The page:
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Warriors Fact & Fiction



"The whole race... is madly fond of war, high-spirited and quick to battle... and on whatever pretext you stir them up, you will have them ready to face danger, even if they have nothing on their side but their own strength and courage."


"Their arms correspond in size with their physique; a long sword fastened on the right side and a long shield, and spears of like dimension...”


“The Gaulish nobles wear clothes that have been dyed and shot through with gold”


“The Gauls wear clothes mostly of reds”





"The Insurbes and the Boil wore their trousers and light cloaks, but the Gaesatae had discarded their garments owing to their proud confidence in themselves... At first the battle was confined to the hill... In this action Galas the Consul fell in the melee fighting with desperate courage and his head was brought to the Celtic kings... All [the naked Gaesatae] in the leading companies [were] richly adorned with gold torcs and armlets. The sight of them indeed dismayed the Romans, but at the same time the prospect of winning such spoils made them twice as keen for the fight... [Later in the battle,] reduced to the utmost distress... some of [the Gaesatae] in their impotent rage, rushed wildly on the enemy and sacrificed their lives, while others, retreating step by step on the ranks of their comrades, threw them into disorder by their display of faint-heartedness."


"The Romans... were terrified by the fine order of the Celtic host, and the dreadful din, for there were innumerable horns -blowers and trumpeters, and the whole army were shouting their war-cries... Very terrifying too were the appearance and the gestures of the naked warriors in front, all in the prime of life and finely built men, and all in the leading companies richly adorned with gold torcs and armlets."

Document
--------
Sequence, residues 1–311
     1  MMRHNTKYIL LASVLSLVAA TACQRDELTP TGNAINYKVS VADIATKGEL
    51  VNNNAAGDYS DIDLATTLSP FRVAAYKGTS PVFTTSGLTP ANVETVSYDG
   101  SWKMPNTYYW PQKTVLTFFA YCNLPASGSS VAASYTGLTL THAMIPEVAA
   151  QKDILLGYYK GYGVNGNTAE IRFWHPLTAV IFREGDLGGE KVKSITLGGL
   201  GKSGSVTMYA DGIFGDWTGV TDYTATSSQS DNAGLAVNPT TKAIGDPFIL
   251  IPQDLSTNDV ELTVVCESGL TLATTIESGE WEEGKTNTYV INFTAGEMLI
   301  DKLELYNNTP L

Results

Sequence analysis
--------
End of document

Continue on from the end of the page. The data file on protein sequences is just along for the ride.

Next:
Diodorus Siculus.


“The Gaulish warriors wear a striking kind of clothing, tunics dyed and stained in various colours as well as trousers, which they name Braccae”


"Their armour includes man-sized shields decorated in individual fashion. Some of them have projecting bronze animals of fine workmanship... On their heads they wear bronze helmets which possess large projecting figures lending the appearance of enormous stature to the wearer. In some cases horns form one part with the helmet, while in other cases it is relief figures of the foreparts of birds or quadrupeds. Their trumpets again are of a peculiar barbaric kind...and produce a harsh sound which suits the tumult of war. Some have iron breast-plates of chain- mail, while others fight naked...”


"And when someone accepts their challenge to battle they proudly recite the deeds of valour of their ancestors and proclaim their own valorous quality at the same time abusing and making little of their opponent and generally attempting to rob him beforehand of his fighting spirit."





"There is not much difference between [Britons and Gauls] in language, the same boldness in courting danger, and, when danger looms, the same panic in avoiding it."



Vindolanda Tablet no.164:


"... the Britons are unprotected by armour. There are very many cavalry.

The cavalry do not use swords nor do the wretched Britons dismount in order to throw javelins."



What the Roman's Saw or Thought they Saw...

When it comes to our understanding of Iron age Warriors, both Hollywood & Victorian Misconceptions have a lot to answer for. Mention "Celts" to the average person and they will generally give you the same 3 collocations, "Naked Savages, Painted Blue, Head-Hunters".  Even 30 years ago, the common stereotype was a people who sat in mud, wore mud, ate mud and were thankful for the Civilization that Rome brought to the Island.


In the Iron Age Warriors defence we can say that, had they been simply naked savages running headlong into battle and dying gloriously, then the "Ancient British Culture" would have ceased to exist within a few generations.  We also know that warriors from client Kingdoms were welcomed into the Roman Legions, so clearly there was something about the "Celtic" Warrior which the Roman's valued. Their horsemanship, their large physical stature and their bravery for a few.


Let's try to glean some real evidence from the people who saw them, the ancient writers......